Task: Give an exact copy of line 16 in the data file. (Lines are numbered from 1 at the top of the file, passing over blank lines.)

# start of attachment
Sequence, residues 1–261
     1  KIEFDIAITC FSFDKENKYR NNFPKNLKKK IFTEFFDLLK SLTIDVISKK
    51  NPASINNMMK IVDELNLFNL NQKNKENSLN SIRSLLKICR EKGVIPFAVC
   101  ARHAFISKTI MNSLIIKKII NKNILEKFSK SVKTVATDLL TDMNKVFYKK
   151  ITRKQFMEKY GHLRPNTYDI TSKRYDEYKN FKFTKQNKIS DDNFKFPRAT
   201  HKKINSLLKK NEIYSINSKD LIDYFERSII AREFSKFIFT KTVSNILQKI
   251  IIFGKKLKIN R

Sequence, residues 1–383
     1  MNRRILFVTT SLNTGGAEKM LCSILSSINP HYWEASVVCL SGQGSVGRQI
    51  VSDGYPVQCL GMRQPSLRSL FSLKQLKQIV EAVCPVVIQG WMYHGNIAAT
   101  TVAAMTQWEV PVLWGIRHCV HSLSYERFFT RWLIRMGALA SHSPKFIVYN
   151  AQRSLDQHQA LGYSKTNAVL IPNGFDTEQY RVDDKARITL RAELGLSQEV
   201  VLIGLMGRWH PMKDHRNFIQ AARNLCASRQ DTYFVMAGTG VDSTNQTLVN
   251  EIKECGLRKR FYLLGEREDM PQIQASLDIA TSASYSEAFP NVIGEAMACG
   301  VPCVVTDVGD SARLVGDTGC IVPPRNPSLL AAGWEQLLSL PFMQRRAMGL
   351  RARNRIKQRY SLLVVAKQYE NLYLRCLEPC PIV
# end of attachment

   351  RARNRIKQRY SLLVVAKQYE NLYLRCLEPC PIV